I seriously did this the other day while talking to my husband:
And then two seconds later, I clapped my hand over my mouth and said, “Did you just hear what I said?!”
Yup, I changed languages about 5 times while speaking the same sentence.
A good friend asked me the other day: “What’s it like to be bilingual?”
I’d never really considered “what it is like,” let alone how to explain to someone else the feeling of two languages forever active in my brain. In that particular conversation, I jumbled out some scratch-the-surface answer and of course kept thinking about it later. If I could go back to that conversation now, here’s (a long version of) what I might say:
First and foremost, it feels like having two radio channels in my brain.
If I need to speak English, I switch to channel 1. If Spanish is what I need, I switch to channel 2.
It’s like having an invisible remote control that I can use to adapt my own thinking radio channel. (Apparently, they call this executive control.)
Most of the time, it works to switch between the two different channels as needed, but sometimes there’s static noise in one or the other… or even both at the same time. Some might call these static moments “speaking Spanglish,” but I recently encountered the opinion that Spanglish is negative in that it seems the speaker is confused. (More on my thoughts about possible language confusion in toddlers here.)
I’m not confused, I promise. I know exactly what I want to say, but it might not come out in exactly the words I want it to. It’s like a moment when my brain opens all sound wavelengths to receive all acceptable synonyms for the word(s) I’m looking for, regardless of language category, combining words into sentences into paragraphs at lightning speed!!!!!!!!!!!!!!!!! And before I know it, evidence that I am bilingual is what comes out of my mouth.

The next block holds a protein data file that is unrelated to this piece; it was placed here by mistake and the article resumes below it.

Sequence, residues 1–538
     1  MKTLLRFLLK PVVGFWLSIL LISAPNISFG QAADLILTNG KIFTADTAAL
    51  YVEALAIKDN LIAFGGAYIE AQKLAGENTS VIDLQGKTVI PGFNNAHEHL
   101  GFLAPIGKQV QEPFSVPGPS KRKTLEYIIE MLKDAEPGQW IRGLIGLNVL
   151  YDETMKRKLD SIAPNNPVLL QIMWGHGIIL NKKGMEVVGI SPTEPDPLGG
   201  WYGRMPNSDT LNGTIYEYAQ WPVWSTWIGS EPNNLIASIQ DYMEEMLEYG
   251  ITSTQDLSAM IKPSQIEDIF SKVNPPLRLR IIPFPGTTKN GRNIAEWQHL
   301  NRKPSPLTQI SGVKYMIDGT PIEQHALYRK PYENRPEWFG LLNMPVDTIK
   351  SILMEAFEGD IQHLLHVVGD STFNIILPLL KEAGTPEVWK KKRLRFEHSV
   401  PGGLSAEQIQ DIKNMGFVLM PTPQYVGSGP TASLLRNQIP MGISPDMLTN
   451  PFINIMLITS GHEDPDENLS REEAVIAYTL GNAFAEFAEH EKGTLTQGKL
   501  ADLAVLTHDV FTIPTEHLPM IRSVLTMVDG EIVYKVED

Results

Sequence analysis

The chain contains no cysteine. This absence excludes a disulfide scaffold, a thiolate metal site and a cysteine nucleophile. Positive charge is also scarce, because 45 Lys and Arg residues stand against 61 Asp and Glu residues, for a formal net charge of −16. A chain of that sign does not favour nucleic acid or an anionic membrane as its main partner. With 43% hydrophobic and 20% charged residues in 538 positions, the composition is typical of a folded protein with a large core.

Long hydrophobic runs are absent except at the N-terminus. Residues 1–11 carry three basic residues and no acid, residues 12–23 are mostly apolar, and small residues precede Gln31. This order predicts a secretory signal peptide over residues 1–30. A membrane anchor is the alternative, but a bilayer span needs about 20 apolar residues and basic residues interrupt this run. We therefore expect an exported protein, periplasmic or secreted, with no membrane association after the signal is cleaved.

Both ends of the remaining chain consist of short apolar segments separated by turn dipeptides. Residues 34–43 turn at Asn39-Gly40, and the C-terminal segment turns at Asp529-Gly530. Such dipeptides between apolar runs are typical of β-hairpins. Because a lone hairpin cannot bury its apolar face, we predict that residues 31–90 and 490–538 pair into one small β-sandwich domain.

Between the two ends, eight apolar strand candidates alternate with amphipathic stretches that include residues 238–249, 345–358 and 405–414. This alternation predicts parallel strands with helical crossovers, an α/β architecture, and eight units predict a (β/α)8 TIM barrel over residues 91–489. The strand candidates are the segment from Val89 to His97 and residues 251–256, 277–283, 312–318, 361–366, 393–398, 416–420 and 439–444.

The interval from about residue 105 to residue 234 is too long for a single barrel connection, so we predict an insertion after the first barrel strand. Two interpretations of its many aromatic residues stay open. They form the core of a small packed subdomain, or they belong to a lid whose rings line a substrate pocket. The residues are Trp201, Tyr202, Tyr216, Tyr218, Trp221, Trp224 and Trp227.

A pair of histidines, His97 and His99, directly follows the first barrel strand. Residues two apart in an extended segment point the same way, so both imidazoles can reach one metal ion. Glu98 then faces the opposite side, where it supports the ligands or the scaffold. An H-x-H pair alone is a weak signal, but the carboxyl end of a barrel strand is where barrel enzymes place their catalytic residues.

Being bilingual is now my heart language.
There’s a certain shift of personality and cultural cues that happen when a person changes between their language channels. I definitely feel this in my brain as well as perhaps I use my pointer finger to signal what I’m talking about when I’m talking in English, yet I use my chin to point to something when I am speaking in Spanish. Or the typical greeting of a handshake when I’m speaking English and a light touch of the cheeks and an air kiss to greet in Spanish.
When I’m around someone else that understands these brain channels of language, personality, and culture, I feel like I can be myself even more than if I am limited to only half of my language resources in my brain. I’m no longer limited to only accessing one language channel to communicate fully.
Not care about which language channel I’m tuning into.
Speak from a stream of consciousness, which probably means I will mix my two language together .
Karen Beeman is my hero in the world of bilingualism as she travels the United States training teachers and advocating for what bilingual students truly need. I have now heard her speak 6 different times since I became a dual language teacher, and every time I am absolutely inspired by her teaching methods and dedication to language education. Also astounding is that she remembers my name every time she sees me!
About a month ago, I attended one of Karen’s workshops for our school district, and during our conversation about being a Spanglish teacher and mommy, she challenged me to think of it as “speaking bilingual” instead of “speaking Spanglish.”
You see, “speaking Spanglish” seems to hold a negative overtone (in general), as if it’s a bad thing. It might be perceived as rude to those around you that don’t understand every other word coming out of your mouth. It might tell others that you are confused about grammar of one language or the other.
But saying that you are “speaking bilingual” holds a more positive connotation. It says, “I am speaking to you right now using all my language knowledge, not just the half of my languages.” (although it’s a fine line of being considered rude when others around you don’t understand part of what you’re saying… I have yet to reconcile how all these language and cultural rules work together.)
Tico and I got together with some good friends last weekend who are also bilingual, and all four of us switched language channels constantly. It was so fun and completely freeing to express myself with whatever first came to mind without pausing to consider my audience to double check it they would understand what I really mean.
Speaking bilingual is so fun! …well, most of the time….
More to come this week for this series post: What does it feel like to be bilingual?
- Different channels in my brain
- Pep talks and flexibility
- Being full of surprises